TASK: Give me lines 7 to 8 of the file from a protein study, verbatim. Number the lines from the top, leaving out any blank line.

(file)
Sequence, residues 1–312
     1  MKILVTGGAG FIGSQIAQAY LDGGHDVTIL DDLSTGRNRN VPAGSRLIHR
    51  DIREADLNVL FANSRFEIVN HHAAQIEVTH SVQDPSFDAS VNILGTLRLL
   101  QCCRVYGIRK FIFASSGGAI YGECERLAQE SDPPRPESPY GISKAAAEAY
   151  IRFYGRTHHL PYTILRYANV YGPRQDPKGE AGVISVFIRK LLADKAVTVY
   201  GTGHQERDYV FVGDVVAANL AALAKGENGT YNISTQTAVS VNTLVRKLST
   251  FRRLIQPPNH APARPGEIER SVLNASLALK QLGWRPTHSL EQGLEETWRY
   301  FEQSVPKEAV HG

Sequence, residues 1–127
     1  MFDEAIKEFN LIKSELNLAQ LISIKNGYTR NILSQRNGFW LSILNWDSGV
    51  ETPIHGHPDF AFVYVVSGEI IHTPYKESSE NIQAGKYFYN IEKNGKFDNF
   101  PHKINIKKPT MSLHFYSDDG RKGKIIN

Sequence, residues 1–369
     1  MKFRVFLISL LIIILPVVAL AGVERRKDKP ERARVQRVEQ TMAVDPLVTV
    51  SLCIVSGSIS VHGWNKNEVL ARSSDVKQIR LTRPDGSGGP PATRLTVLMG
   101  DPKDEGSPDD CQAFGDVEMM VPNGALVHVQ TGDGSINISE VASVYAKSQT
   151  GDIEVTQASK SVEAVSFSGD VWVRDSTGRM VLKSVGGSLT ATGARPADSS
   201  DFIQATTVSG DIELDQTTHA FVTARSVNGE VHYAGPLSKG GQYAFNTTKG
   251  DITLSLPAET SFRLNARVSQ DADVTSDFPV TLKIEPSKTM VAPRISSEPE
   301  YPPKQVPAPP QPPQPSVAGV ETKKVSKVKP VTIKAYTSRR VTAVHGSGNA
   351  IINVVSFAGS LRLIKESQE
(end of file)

   251  FRRLIQPPNH APARPGEIER SVLNASLALK QLGWRPTHSL EQGLEETWRY
   301  FEQSVPKEAV HG